It was not that long ago that Rajput entered the world of entertainment. My Nani and mother introduced me to the actor through the tele-serial Pavitra Rishta around 2010 and I knew better than to call them while the show was playing. When visiting home, I would catch glimpses of Rajput's impressive dancing on the dance reality show, Jhalak Dikhhla Jaa on which he was a contestant. In my family, Rajput was seen as an impressive talent and as someone who deserved bigger and better opportunities. The 2013 Hindi feature film Kai Po Che!, which was both a critical and commercial success, marked Rajput's entry into Hindi cinema.

He would act in ten additional movies over a seven-year span and played diverse characters from an inexperienced yet sharp detective, to Indian cricketer M.S. Dhoni, to a dacoit searching for redemption. Rajput brought youthful spirit and a much studied approach to the roles he played, and was an artist who understood and valued subtlety. After his passing, people watched his interviews and came to know more about the film industry outsider, an actor who was formally trained in dance and theater.

His life story was more like that of a Hindi film character, and hardly resembled the privileged upbringing many top Hindi film heroes enjoyed. Born and raised in Bihar, Rajput and his family moved to Delhi after the devastating loss of his mother. Academically gifted, he placed in the top ten of the Delhi College of Engineering entrance examination, an exam taken by many tens of thousands across India. He was also a National Olympiad winner in the subject of physics and tutored on the side for pocket money. In the shallow world of showbiz academic excellence and achievement doesn't resonate with most filmwallahs. But it does with the average Indian.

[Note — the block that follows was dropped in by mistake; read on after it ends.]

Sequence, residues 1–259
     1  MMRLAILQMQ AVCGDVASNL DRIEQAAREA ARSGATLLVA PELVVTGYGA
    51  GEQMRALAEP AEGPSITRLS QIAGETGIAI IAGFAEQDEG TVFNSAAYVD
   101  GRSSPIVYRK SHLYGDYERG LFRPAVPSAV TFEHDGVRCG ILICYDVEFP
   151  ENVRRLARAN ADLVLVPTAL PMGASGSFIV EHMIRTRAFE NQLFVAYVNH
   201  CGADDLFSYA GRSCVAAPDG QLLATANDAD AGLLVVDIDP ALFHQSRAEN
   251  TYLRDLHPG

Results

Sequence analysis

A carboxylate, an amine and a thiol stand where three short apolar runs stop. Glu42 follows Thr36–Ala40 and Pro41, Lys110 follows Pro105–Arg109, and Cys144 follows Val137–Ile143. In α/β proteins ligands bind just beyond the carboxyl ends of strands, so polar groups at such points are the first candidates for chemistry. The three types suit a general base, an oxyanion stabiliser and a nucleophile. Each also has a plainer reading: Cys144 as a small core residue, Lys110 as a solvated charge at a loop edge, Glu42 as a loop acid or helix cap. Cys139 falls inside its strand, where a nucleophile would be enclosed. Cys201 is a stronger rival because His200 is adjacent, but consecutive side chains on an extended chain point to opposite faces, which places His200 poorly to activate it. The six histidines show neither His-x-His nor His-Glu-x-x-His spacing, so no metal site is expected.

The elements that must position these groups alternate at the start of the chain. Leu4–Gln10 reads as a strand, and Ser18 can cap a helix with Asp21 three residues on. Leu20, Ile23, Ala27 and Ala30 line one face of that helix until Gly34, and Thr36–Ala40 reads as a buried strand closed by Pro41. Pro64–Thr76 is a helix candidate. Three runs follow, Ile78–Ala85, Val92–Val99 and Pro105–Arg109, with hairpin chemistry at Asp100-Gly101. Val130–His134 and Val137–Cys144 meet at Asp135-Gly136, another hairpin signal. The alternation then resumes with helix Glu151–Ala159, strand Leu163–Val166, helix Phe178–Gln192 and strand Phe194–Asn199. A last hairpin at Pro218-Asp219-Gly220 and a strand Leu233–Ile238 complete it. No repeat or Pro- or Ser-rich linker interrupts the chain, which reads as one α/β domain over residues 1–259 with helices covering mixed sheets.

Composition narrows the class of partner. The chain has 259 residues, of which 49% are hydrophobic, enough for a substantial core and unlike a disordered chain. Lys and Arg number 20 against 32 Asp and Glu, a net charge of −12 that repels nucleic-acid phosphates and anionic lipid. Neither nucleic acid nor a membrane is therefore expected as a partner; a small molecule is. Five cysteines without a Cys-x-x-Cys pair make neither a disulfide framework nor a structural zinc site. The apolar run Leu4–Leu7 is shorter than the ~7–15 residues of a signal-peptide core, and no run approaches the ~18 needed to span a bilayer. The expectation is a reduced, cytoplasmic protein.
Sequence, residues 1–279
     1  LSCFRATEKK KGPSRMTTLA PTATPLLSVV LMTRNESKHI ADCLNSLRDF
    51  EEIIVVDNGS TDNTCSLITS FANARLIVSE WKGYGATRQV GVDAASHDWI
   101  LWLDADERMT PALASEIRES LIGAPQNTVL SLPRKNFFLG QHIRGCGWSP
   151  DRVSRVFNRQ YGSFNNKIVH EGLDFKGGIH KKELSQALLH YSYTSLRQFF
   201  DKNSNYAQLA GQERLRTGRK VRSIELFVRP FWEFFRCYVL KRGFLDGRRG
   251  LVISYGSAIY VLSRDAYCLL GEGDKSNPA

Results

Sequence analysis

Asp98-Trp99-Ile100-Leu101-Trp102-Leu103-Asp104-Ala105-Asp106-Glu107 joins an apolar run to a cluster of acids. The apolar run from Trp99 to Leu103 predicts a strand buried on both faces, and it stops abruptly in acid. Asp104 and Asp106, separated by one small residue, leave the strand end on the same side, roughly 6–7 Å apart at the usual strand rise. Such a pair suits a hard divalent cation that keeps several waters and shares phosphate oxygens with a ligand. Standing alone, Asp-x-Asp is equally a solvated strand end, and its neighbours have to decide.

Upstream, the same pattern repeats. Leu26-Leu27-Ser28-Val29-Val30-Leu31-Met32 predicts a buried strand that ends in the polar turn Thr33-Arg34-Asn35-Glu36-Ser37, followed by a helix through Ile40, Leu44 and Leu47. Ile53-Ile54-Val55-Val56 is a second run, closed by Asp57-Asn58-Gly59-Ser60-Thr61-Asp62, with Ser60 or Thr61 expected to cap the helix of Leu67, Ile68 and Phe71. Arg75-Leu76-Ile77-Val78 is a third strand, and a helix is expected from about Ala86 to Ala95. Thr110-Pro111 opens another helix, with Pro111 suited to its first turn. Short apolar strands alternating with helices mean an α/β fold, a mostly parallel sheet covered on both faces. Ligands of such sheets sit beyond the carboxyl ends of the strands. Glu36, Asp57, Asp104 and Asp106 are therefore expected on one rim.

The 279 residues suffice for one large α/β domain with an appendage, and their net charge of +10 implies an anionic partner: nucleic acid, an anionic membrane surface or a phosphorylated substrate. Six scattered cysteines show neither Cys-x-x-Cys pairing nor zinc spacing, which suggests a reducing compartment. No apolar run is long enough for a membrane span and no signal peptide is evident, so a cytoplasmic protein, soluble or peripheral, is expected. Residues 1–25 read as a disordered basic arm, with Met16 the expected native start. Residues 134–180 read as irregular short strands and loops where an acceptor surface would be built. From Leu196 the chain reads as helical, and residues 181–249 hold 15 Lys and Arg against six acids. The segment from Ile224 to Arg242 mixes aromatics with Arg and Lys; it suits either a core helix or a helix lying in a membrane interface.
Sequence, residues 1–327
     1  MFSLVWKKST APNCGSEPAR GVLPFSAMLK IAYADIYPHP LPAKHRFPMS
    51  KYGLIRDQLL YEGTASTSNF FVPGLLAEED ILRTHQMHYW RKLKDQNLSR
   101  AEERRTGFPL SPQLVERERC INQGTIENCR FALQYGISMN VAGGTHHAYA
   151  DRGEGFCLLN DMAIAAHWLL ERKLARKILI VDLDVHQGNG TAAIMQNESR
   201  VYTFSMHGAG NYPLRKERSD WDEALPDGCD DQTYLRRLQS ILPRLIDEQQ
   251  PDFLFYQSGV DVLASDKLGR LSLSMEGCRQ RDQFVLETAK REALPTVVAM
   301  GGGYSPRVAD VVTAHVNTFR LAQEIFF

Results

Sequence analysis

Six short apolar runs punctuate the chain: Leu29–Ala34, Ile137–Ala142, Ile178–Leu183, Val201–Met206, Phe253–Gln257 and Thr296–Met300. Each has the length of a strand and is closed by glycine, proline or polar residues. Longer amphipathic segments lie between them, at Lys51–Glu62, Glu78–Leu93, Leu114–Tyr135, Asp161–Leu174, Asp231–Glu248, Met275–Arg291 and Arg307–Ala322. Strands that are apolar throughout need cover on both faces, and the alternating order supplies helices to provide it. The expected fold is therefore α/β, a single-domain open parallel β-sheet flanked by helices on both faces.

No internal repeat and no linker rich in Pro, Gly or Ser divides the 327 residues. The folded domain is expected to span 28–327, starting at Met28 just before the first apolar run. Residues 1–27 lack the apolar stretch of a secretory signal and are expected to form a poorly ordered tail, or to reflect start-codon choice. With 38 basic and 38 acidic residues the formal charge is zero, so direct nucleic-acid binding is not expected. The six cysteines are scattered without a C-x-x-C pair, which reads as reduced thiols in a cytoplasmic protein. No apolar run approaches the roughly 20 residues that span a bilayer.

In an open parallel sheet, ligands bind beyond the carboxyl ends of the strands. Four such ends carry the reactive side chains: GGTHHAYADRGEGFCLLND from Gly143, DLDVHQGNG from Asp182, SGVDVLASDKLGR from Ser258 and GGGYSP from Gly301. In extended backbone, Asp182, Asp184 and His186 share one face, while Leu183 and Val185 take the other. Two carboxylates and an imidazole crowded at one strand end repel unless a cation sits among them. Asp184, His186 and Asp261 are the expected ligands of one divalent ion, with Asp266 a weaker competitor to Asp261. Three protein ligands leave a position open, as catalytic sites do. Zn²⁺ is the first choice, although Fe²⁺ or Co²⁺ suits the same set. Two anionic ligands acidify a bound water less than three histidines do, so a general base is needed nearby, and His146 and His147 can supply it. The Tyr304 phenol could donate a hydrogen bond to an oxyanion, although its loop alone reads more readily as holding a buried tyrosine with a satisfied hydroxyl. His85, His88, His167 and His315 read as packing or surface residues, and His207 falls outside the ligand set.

When old photos were shared of Rajput spending time with family in what looked like a typical middle-class Indian home, many felt the young man with no industry connections could have been a family member or a good friend. Rajput's death quickly reignited the debate around nepotism in the Hindi film industry. To many it looked as if the film industry, which values dynastic surnames and powerful godfathers more than talent, sacrificed a common man so industry insiders could further thrive. Despite brilliant performances in films like Detective Byomkesh Bakshy! and Sonchiriya, and finding commercial success in movies like M.S. Dhoni: The Untold Story, Kedarnath and the recent Chhichhore, it was argued that if he had the right film pedigree, Rajput would have easily been deemed the biggest star of his generation.

The coveted Millennial and Generation Z demographics, who consume cinema-related content through social media, took to online platforms to vent their frustration at “Nepo Kids" and kingmakers, leading many star kids to stop posting content and even leave social media all together. Speculation continues as to why Rajput ended his life, as does a formal investigation by the Mumbai police. Rajput's final film, Dil Bechara, will release on the Disney+ Hotstar streaming platform, to both subscribers and non-subscribers, on July 24 and if the film's trailer garnering over 70 million views in a week is any indication, millions will likely watch Rajput's swan song.

After the passing of Sushant Singh Rajput, I am much more aware of the power an audience member has to heartily support merit over mediocrity, and to distinguish meaningful content from glitzy publicity. As someone who loves watching Hindi cinema, I choose to honor the legacy of Khan and Rajput by watching, or re-watching, their work and appreciating how their creativity has both entertained and moved me.

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Shivani Tripathi cannot remember a time she wasn't madly in love with Indian cinema and writing. She spends time in New York, North Carolina and Twitterpur at @Shivani510